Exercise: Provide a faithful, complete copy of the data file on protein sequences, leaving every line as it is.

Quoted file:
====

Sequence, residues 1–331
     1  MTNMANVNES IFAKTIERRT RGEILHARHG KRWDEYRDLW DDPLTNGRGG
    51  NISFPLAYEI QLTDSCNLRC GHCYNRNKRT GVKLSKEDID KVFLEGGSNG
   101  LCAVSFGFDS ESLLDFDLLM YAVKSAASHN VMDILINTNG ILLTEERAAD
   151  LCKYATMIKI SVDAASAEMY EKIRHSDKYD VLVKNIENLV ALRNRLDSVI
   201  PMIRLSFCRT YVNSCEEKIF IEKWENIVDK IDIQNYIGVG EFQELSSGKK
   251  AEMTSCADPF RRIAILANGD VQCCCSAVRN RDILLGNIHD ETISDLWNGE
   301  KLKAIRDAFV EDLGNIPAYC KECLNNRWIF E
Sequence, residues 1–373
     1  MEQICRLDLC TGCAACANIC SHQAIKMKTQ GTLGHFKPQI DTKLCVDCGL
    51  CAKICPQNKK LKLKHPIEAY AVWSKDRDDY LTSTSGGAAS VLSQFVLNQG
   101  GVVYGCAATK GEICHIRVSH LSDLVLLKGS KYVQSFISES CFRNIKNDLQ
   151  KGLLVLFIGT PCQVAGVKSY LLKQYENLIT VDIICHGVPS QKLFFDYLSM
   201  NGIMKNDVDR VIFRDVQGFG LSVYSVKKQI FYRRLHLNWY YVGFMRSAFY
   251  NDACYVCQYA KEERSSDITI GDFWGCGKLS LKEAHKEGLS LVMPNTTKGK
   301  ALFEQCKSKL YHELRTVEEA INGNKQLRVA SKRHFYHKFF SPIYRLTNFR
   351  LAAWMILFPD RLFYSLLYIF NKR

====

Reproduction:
Sequence, residues 1–331
     1  MTNMANVNES IFAKTIERRT RGEILHARHG KRWDEYRDLW DDPLTNGRGG
    51  NISFPLAYEI QLTDSCNLRC GHCYNRNKRT GVKLSKEDID KVFLEGGSNG
   101  LCAVSFGFDS ESLLDFDLLM YAVKSAASHN VMDILINTNG ILLTEERAAD
   151  LCKYATMIKI SVDAASAEMY EKIRHSDKYD VLVKNIENLV ALRNRLDSVI
   201  PMIRLSFCRT YVNSCEEKIF IEKWENIVDK IDIQNYIGVG EFQELSSGKK
   251  AEMTSCADPF RRIAILANGD VQCCCSAVRN RDILLGNIHD ETISDLWNGE
   301  KLKAIRDAFV EDLGNIPAYC KECLNNRWIF E
Sequence, residues 1–373
     1  MEQICRLDLC TGCAACANIC SHQAIKMKTQ GTLGHFKPQI DTKLCVDCGL
    51  CAKICPQNKK LKLKHPIEAY AVWSKDRDDY LTSTSGGAAS VLSQFVLNQG
   101  GVVYGCAATK GEICHIRVSH LSDLVLLKGS KYVQSFISES CFRNIKNDLQ
   151  KGLLVLFIGT PCQVAGVKSY LLKQYENLIT VDIICHGVPS QKLFFDYLSM
   201  NGIMKNDVDR VIFRDVQGFG LSVYSVKKQI FYRRLHLNWY YVGFMRSAFY
   251  NDACYVCQYA KEERSSDITI GDFWGCGKLS LKEAHKEGLS LVMPNTTKGK
   301  ALFEQCKSKL YHELRTVEEA INGNKQLRVA SKRHFYHKFF SPIYRLTNFR
   351  LAAWMILFPD RLFYSLLYIF NKR